A Day-in-the-Life with Loren Quam & ALCC Crew 641: Chapter 3

In Part Two of our series on Bears Ears Partnership's collaborative conservation work, Loren Quam - leader of Ancestral Lands Conservation Corps (ALCC) Crew #641 - shares his experience on a recent hitch in Grand Gulch. Read the finalchapter of his blog post, "A Day-in-the Life with Loren Quam & ALCC Crew 641" here!

If you missed yesterday's chapter, or want to refresh your memory, you can read "Chapter 2: Join Crew #641 in Grand Gulch," here.

Chapter 3: Connecting and Reconnecting Communities

I did not mention this in my introduction, but I hold a significant religious role in our Zuni community. I am a part of the Rain Priest Society, which is a lifelong commitment. Since I am in this position, this makes me a leader for my community. I was chosen for this role because of my commitment to my Zuni culture, religion, and the teachings which I learned as a child. As a young child, I heard "stories" of how our people took a long journey from our emergence place at Ribbon Falls in Grand Canyon to the middle place that we call our home today, Zuni or Halona:wa. 

Fast-forward to the present day, I made many trips to cultural sites with some culture advisors. I've learned that these "stories" are actually our history. Our culture does not have a history book, instead it has been passed down orally from generation to generation, which comes to the present, where I am still learning. I've heard of different routes our people took to get to our destination, building their homes as they took their journey and leaving their marks as they went. 

Since I've been with ALCC, I've seen for myself what our elders were talking about and to this day it is an eye opener on how true our history is. I am seeing for myself the places where our ancestors were at, and they still are there, as they survived the many obstacles they came across to live in and to ensure that our culture continues. At times I shed tears to learn what our ancestors endured just so the future generations will carry on the sacred knowledge. All this our people know and continue to live by and practice to this day. Everytime I visit a structure, I carry my sacred cornmeal, turquoise and food to offer to the spirits that are still there, so that they know that we are still carrying on that knowledge and to continue to give us strength, to be strong and pure.

Throughout this whole article I did not call these places "ruins.” I refrain from calling these places such a thing. I call these sacred places “structures.” If I called these places "ruins" it basically means that these places are abandoned, left for nothing and never to return. I wholeheartedly believe these structures were left for the future generations to find, and to let us know that we did in fact thrive in these places. I believe that their spirits reside in these places still practicing their ways, speaking their language, tending to their gardens, and singing their sacred songs. I do not believe that these places are abandoned. There is always some energy I feel when I visit these places. So when I first enter a site, I greet the spirits in my Zuni Language and let them know that we are here. 

This same greeting is applied when I visit the petroglyphs. There are people who call these "graffiti" that the young ones left. If you come from a Pueblo Tribe, you can tell these petroglyphs are stories being told, a prayer, or a map. Those petroglyphs are the things that they've seen in their lifetime and they wanted to show to others. Some petroglyphs that are seen here in Zuni are all across other sites, if you pay attention, the same goes for other Tribes as well. I've learned many things from my elders and I am blessed to see the same things that they are describing.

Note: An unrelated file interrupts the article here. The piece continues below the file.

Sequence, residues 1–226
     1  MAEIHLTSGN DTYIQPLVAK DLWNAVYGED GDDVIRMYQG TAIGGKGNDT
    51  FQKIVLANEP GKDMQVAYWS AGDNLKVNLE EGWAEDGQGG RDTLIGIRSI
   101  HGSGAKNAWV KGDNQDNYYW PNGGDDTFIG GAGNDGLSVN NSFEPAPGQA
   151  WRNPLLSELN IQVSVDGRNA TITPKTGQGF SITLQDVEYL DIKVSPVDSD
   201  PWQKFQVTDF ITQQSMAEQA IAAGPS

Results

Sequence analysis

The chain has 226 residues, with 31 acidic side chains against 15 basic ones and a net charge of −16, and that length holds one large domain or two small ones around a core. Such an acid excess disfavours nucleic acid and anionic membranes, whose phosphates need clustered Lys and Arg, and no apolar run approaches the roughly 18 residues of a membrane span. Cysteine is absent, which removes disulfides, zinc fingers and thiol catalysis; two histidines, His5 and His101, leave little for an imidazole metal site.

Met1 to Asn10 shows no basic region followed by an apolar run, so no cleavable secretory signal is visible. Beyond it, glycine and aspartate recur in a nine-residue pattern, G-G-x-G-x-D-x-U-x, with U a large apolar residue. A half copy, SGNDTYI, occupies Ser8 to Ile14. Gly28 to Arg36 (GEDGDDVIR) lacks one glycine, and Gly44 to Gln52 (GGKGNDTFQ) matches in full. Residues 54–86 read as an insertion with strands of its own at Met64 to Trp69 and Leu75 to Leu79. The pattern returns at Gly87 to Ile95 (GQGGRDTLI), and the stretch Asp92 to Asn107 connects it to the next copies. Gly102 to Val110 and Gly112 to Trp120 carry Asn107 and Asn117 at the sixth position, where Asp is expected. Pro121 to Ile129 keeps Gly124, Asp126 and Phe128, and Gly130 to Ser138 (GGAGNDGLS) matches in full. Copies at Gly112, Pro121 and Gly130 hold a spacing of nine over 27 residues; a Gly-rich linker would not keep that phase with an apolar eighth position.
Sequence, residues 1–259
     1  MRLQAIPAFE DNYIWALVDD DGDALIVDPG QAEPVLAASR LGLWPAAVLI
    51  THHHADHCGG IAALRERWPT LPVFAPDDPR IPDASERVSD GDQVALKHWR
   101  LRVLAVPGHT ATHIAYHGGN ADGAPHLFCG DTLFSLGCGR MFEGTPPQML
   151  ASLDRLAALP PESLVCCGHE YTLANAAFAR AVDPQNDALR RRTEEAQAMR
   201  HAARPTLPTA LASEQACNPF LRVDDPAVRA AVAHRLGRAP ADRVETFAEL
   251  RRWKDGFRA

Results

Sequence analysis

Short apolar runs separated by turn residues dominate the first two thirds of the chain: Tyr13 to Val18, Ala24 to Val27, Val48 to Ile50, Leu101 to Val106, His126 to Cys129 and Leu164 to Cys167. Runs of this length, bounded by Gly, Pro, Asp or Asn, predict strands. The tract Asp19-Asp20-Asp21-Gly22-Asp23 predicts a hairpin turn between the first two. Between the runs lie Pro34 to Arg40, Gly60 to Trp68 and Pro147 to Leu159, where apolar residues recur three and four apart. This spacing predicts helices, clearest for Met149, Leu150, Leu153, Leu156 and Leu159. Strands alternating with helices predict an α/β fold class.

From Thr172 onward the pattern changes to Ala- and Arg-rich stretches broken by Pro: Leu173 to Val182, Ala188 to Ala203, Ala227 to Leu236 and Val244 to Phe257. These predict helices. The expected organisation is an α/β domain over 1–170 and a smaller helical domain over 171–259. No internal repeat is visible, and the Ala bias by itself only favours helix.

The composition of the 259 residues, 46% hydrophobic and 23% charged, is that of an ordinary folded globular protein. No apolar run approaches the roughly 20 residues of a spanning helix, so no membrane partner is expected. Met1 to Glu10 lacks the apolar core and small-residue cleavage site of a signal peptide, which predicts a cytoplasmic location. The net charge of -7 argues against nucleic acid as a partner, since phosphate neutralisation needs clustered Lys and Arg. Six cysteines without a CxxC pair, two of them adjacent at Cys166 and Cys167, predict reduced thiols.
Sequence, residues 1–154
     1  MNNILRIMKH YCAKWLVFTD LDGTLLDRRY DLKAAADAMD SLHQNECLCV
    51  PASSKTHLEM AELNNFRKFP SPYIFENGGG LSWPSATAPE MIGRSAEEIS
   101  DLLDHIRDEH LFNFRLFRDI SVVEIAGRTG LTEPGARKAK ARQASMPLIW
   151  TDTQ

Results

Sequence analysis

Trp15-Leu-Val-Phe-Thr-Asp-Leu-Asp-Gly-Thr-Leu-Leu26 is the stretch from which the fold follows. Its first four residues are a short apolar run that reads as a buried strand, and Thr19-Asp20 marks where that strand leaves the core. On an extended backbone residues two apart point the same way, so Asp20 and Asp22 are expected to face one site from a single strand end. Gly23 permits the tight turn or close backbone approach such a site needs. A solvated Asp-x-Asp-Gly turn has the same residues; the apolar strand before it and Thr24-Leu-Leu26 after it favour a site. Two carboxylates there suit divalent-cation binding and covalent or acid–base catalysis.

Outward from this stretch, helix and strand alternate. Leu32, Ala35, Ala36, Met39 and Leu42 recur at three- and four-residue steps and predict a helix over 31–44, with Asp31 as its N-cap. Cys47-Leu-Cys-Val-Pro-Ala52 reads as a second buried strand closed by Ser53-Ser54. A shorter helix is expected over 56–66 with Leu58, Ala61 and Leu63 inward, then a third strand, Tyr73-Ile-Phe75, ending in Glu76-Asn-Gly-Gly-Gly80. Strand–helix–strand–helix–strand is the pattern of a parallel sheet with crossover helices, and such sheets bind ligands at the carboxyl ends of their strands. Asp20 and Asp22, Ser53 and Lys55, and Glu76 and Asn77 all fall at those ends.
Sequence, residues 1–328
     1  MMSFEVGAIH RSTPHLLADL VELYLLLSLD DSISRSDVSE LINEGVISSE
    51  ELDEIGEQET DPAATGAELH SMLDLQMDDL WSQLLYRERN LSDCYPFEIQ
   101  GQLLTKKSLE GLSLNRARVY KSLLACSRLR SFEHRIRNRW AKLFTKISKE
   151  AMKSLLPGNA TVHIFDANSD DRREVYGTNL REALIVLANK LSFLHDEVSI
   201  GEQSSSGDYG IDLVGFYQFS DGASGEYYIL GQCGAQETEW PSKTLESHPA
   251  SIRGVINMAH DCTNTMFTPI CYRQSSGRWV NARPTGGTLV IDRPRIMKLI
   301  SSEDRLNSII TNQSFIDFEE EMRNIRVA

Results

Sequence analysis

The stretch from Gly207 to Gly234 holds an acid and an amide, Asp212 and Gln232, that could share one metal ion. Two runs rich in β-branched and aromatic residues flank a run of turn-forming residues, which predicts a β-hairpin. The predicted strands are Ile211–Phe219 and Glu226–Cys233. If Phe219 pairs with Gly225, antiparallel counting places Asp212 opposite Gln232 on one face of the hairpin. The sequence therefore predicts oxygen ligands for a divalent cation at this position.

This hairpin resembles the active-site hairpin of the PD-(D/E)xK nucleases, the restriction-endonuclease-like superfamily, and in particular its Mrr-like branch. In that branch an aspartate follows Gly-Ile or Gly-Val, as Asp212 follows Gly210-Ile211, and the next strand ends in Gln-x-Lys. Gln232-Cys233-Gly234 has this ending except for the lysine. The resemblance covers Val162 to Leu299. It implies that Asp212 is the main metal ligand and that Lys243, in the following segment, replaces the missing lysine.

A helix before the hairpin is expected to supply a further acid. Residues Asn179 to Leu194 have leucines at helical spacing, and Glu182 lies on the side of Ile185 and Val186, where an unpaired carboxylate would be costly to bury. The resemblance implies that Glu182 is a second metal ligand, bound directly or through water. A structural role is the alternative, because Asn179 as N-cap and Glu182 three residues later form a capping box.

I know that I will be the one to teach others when I get to that age. As young as I am and with the religious standing, I get to teach others the same things that were told to me. I try to let people understand where I come from and what my culture is. I shared my knowledge with the folks at Bears Ears Partnership and I'm glad that they understand and are willing to share and respect my culture. I can say that I have respect for everyone who heard my teachings in Bears Ears and I give thanks to the people who are making an effort to protect these sites.

I always like to imagine how our ancestors traveled because for us, we can get in a vehicle and go to the same places they went to in a couple of days or weeks. Our ancestors, by foot, took hundreds of years to find the middle place with many challenges that came across their paths, but yet still managed to strongly carry on. They carried on because they all helped each other no matter the challenge and that's how they survived. I believe that we did the same during that hitch, which is why I love this program and why I will continue to join. It's all about resilience, support, encouragement and determination. We must all do the same, to help each other through tough challenges, no matter where we come from. We are all equal and we must all grow together. We all live on this one earth, awidelan tsitda. 

I want to thank the Bears Ears Partnership for scheduling ALCC again and again for projects that we love to do. I want to thank ALCC for hiring me because without this job, I don't know where I would have ended up at. Big thanks to Shanna, Grace, Britt, Ryan, Jason, Corey, Lyle and Daniel from the Bears Ears Partnership and Woods Canyon Archaeological Consultants, Inc. Another big thanks to crew #641 crew members–Robert Riley, McKenzie Niiha, Pesancio Lasiloo Jr, and Kaylee Kaamasee. Thanks to our field supervisor Braden Coonsis, Historical Preservation Coordinator James Othole, and our Program Coordinator Kevin Cooeyate, ELAHKWA!!! Hon tse’mak a:ts’ummeh. Hon dobinde a:ho’i. We are strong, we are one people!